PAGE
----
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Current SEL Projects

Collaborating Districts Initiative: Given the importance of district-level leadership and coordination, in 2011 CASEL launched a national initiative aimed at supporting districts' capacities to promote SEL for all students. Called the Collaborating Districts Initiative (CDI), this effort recognizes that positive student outcomes depend on improving classrooms and schools, which in turn depends on improving district-wide capacities and conditions. The CDI includes eight districts:

The American Institutes for Research (AIR) serves as an external evaluator. The CDI is designed to achieve two complementary goals:

    1. To develop districts' capacities to plan, implement and monitor systemic changes that will impact schools and classrooms in ways that enhance students' social-emotional development and academic performace .

    2. To document lessons learned that can inform future efforts to support systemic SEL implementation in districts across the country.

SEL Program Reviews for Evidence-based Preschool to High School SEL Programs: As more schools commit to providing SEL to their students, the public needs guidance on what evidence-based SEL programming is available, the features of the highest quality approaches, and how to access them. With funding from the 1440 Foundation and the NoVo Foundation, CASEL and the UIC SEL Research Group are developing a series of in-depth reviews of SEL programing preschool through 12th grade that build on its tradition of providing educator and consumer guides. The 2013 Preschool and Elementary Guide was released in the fall 2012 and its companion, the 2014 Secondary Guide, will be released this spring.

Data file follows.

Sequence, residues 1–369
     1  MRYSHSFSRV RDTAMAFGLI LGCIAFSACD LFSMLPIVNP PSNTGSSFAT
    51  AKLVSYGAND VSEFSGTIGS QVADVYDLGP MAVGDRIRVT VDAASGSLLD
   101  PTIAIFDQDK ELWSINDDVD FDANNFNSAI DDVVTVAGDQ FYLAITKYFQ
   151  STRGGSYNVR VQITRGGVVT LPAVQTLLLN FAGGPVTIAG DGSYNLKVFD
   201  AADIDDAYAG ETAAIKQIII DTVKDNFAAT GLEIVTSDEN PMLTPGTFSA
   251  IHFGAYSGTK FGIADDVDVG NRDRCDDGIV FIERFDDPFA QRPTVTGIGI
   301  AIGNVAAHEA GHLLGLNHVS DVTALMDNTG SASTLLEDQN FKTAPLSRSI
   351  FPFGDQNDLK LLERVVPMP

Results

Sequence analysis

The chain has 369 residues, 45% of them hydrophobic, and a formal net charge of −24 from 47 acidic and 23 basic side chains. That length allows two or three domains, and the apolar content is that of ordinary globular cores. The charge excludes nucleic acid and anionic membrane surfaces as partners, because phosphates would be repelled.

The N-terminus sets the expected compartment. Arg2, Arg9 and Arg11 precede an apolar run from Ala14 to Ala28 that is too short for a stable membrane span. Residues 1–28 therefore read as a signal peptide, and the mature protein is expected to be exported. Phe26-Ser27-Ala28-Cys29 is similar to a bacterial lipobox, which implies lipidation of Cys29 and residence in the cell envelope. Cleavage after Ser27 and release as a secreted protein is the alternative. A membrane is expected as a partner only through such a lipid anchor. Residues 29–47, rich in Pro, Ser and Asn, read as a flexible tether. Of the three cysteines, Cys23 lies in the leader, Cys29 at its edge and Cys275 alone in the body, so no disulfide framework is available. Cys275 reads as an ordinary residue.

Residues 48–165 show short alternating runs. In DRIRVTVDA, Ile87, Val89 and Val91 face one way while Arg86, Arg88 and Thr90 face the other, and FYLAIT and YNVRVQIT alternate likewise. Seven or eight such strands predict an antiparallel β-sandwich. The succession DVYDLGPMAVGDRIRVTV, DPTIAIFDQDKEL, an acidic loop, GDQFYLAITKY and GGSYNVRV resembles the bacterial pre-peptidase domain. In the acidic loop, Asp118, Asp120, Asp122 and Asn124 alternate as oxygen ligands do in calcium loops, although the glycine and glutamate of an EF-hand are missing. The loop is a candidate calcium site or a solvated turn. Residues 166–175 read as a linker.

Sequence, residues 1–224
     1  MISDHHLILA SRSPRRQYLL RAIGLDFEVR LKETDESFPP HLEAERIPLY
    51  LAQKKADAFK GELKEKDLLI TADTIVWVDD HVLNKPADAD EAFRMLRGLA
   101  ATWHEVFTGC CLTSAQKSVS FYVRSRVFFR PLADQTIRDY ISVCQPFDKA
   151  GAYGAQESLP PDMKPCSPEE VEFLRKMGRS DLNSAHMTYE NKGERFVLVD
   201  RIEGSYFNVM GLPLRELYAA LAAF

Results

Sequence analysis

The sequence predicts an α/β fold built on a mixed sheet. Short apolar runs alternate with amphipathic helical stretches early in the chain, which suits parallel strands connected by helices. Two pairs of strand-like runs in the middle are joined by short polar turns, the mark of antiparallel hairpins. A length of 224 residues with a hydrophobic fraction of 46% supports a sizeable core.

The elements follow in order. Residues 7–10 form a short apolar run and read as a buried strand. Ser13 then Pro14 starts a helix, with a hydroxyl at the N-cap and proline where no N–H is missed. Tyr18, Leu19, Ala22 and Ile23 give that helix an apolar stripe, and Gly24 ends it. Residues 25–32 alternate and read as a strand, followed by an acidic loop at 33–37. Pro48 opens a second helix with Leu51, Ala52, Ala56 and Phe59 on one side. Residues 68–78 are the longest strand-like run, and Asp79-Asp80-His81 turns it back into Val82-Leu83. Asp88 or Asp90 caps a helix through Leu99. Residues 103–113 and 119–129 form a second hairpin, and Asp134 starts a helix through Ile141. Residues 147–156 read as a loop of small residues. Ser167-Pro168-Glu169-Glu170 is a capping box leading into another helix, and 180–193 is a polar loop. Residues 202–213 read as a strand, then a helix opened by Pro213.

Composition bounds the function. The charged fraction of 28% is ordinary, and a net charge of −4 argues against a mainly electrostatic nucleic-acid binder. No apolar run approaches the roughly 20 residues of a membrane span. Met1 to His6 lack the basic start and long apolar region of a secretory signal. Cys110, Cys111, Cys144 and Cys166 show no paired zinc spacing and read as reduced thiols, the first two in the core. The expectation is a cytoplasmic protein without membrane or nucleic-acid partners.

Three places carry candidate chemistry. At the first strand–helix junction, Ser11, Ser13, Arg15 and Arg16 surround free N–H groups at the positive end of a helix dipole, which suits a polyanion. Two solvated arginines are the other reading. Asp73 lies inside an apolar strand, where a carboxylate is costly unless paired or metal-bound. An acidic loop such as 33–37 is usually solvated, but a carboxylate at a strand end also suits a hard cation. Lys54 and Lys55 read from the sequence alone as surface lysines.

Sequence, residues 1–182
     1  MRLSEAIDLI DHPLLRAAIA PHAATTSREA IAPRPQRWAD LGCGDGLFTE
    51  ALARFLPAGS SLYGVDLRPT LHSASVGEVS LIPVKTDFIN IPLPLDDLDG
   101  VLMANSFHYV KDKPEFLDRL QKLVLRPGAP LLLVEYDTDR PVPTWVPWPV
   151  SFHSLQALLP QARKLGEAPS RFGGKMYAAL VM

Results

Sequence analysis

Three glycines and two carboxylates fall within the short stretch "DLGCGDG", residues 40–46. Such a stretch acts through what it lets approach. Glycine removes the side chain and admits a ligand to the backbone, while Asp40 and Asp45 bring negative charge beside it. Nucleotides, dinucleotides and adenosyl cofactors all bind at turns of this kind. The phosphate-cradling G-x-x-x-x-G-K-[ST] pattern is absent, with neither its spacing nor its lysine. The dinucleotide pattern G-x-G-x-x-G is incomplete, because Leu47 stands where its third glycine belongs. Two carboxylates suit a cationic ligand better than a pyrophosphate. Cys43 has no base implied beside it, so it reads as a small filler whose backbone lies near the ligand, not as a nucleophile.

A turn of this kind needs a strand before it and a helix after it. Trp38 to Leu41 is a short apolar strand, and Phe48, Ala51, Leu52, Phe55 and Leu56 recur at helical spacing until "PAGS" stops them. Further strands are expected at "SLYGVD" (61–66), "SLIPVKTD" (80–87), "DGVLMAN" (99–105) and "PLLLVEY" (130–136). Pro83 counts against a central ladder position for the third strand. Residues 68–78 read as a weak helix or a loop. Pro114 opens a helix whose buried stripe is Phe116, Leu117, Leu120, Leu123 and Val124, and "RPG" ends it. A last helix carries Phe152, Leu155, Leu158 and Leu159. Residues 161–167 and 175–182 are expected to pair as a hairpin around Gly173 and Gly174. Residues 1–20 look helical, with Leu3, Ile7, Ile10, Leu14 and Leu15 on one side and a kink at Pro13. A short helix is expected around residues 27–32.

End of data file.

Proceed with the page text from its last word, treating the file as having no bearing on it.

The 2013 CASEL Guide: Effective Social and Emotional Learning Programs—Preschool and Elementary School Edition includes 23 CASEL SELect programs that:

  • Are well-designed classroom-based programs that systematically promote students’ social and emotional competence, provide opportunities for practice, and offer multi-year programming.
  • Deliver high-quality training and other implementation supports, including initial training and ongoing support to ensure sound implementation.
  • Are evidence-based with at least one carefully conducted evaluation that documents positive impacts on student behavior and/or academic performance
  • IES Researcher-Practitioner Grant to Create a SEL Indicator System: In July 2013, the Institute of Education Sciences (R305H130012) awarded CASEL and its partner Washoe County School District a “Researcher-Practitioner Partnerships in Education Research” grant. The goal of this project is to create a partnership process that enables the District and CASEL to conduct rigorous research on the social-emotional factors that promote student learning and achievement in order to create a robust and balanced system for monitoring elementary and secondary students. Such a system will enable the district to make empirically driven decisions about interventions to meet the needs of its students and be relevant to other districts nationwide. The initial aims of the research are (a) to develop reliable and valid teacher and student self-report SEL measures that are appropriate for use in educational decision making, (b) to validate these measures by examining how they are associated with academic outcomes, and (c) to examine whether these indicators reduce the impact of risk factors on student academic outcomes. Additional research aims will be developed over the course of the two-year grant by members of the partnership and the project will culminate in the development of an IES grant.